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The Next Generation of Animal Models: Humanized Models


New ‘humanized models’ have the potential to revolutionize the study of clinical diseases, creating models with higher validity than more traditional models. This in turn has the power to expedite getting results from the bench to the bedside. In this article we will discuss the current state of animal models and the future that humanized models make possible; as an example, we will specifically focus on the models of Alzheimer’s Disease (AD).

Research has long relied on animal models to recapitulate human diseases, but new gene editing techniques are enabling new models to be developed: ‘humanized models‘. These are models which have had human genes inserted into their genome, enabling in vivo analysis, and helping to move the field towards a more personalized approach to medicine. 

C. elegans as a transgenic model for studying Alzheimer's Disease (AD) and Frontotemporal Dementia (FD)

Figure 1. C. elegans as a transgenic model for studying Alzheimer’s Disease (AD) and Frontotemporal Dementia (FD).

Humanized models have been referred to as the, “new generation of models” because they bridge the gap between traditional animal models and human research (Figure 2) (Viteket al., 2021). Take, for instance, research into Alzheimer’s Disease (AD); there is growing awareness that there are many factors involved in AD (age, sex, race, ethnicity, genetics, comorbitidites, etc.), which result in mixed pathologies. Currently, however, models are failing to reflect the entire biology of this disorder, making research into treatment options difficult and as a result AD is still untreatable. Recently, humanization technology has allowed researchers to successfully create models that test the hallmarks of AD alongside common comorbidities of AD (Meakin et al., 2020). One example of this is a model that tests the link between endothelial dysfunction (a vascular disease commonly associated with obesity, and diabetes) with AD. In this study, the human amyloid precursor protein (APP) gene was introduced to mice, who were fed a diet to mimic obesity level. These mice were then treated with an APP-cleaving inhibitor (BACE1). The results suggest that the BACE1 inhibitors could be a novel therapy for vascular dysfunction (which often occurs early in AD progression, sometimes diagnosed decades before AD). More studies need to be done on the co-occurrence of vascular disease and AD, as it is an intriguing avenue of research.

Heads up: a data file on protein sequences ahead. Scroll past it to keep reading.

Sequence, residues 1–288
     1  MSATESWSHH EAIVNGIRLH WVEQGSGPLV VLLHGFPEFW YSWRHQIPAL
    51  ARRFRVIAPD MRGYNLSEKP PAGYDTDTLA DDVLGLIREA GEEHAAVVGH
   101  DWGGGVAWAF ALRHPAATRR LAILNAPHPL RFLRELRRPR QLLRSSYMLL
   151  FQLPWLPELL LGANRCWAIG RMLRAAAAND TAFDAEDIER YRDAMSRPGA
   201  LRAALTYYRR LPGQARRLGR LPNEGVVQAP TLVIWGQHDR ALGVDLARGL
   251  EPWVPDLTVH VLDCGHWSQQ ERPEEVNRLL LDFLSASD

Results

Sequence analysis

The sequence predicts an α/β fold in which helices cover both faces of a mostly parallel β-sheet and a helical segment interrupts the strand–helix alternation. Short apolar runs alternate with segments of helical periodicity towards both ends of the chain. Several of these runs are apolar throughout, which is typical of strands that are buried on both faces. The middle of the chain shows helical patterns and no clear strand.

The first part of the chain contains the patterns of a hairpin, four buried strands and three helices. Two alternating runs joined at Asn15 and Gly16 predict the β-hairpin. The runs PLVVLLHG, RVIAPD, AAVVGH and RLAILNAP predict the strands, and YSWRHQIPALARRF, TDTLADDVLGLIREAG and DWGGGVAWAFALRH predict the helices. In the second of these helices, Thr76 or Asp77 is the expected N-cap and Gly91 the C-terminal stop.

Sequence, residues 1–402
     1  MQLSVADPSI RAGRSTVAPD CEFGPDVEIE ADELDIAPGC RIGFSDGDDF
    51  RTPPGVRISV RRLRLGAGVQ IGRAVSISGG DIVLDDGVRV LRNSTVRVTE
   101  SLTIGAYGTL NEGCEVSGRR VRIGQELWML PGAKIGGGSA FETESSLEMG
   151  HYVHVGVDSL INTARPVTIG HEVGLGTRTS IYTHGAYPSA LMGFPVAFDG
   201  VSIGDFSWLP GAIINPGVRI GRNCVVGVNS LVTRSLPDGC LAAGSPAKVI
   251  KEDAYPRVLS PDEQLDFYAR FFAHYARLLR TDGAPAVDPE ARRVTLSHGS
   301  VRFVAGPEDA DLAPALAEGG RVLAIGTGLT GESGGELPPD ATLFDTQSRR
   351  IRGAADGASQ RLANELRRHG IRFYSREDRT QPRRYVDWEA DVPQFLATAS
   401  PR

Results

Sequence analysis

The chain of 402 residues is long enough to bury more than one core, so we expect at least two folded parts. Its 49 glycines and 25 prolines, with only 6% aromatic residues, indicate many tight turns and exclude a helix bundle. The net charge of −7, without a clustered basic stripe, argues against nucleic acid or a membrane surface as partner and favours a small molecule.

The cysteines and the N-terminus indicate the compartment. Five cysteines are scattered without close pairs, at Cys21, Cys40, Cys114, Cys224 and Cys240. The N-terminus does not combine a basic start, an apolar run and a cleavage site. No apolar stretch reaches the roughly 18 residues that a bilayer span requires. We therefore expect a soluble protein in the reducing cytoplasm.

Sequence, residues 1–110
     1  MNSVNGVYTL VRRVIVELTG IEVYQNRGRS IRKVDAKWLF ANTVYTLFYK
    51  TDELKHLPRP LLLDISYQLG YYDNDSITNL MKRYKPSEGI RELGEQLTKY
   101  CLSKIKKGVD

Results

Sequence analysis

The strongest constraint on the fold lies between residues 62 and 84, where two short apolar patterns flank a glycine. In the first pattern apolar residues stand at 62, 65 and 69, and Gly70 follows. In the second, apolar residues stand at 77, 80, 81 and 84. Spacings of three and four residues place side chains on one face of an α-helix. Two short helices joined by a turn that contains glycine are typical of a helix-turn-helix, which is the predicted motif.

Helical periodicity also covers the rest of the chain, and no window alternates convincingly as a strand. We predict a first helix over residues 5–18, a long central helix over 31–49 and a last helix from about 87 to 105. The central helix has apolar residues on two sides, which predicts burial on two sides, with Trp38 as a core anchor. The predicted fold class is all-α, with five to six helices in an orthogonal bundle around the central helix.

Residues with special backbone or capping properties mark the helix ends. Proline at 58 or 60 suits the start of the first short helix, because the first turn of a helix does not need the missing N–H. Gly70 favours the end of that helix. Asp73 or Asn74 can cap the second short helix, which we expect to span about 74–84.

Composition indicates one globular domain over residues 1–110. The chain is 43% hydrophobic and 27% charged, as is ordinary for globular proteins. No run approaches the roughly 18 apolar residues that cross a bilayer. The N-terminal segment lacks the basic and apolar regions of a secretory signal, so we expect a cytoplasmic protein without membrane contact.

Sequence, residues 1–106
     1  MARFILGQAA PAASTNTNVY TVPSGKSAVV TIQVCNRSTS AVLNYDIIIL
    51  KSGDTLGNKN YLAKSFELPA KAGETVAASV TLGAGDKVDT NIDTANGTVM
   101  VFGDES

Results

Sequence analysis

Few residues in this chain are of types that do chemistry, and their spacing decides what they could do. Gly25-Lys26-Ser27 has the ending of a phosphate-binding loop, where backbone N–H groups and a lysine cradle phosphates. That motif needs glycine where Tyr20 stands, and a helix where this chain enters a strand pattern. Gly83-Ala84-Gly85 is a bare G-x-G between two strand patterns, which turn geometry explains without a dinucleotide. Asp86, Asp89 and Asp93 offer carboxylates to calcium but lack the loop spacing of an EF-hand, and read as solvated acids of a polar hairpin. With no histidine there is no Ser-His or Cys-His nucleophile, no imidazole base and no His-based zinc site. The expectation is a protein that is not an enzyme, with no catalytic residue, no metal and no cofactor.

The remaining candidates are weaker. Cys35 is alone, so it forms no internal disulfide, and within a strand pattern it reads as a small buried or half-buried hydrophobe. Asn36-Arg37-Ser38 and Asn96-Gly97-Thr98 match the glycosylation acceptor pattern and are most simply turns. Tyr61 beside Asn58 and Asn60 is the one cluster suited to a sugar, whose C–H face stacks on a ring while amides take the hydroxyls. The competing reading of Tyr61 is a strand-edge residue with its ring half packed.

Similarly, a limitation to traditional models are their inability to mimic human immune responses. Humanization may offer a more predictive way of modeling, as humanized mice models with APOE (a protein whose subtype is correlated with AD) backgrounds have clearly shown that increased behavioral and pathological deficits that mimic AD pathogenesis (Tai et al., 2017). Therefore, these models provide more translatable systems, as the introduction of human genes lessens the suppression and/or activation of the animal’s immune system (Viteket al., 2021).

Gene-swap humanization technique.

Figure 2: At InVivo Biosystems we use the Gene-swap humanization technique: in this technique an Ortholog gene is removed from animal (KO) to determine if defective phenotype is present. Then, the Ortholog is replaced with human coding sequence to create gene-humanized animal.  Variants are installed in gene-humanized locus create Patient Avatars. Humanized animals in Patient Avatar format are phenotyped for activity defects.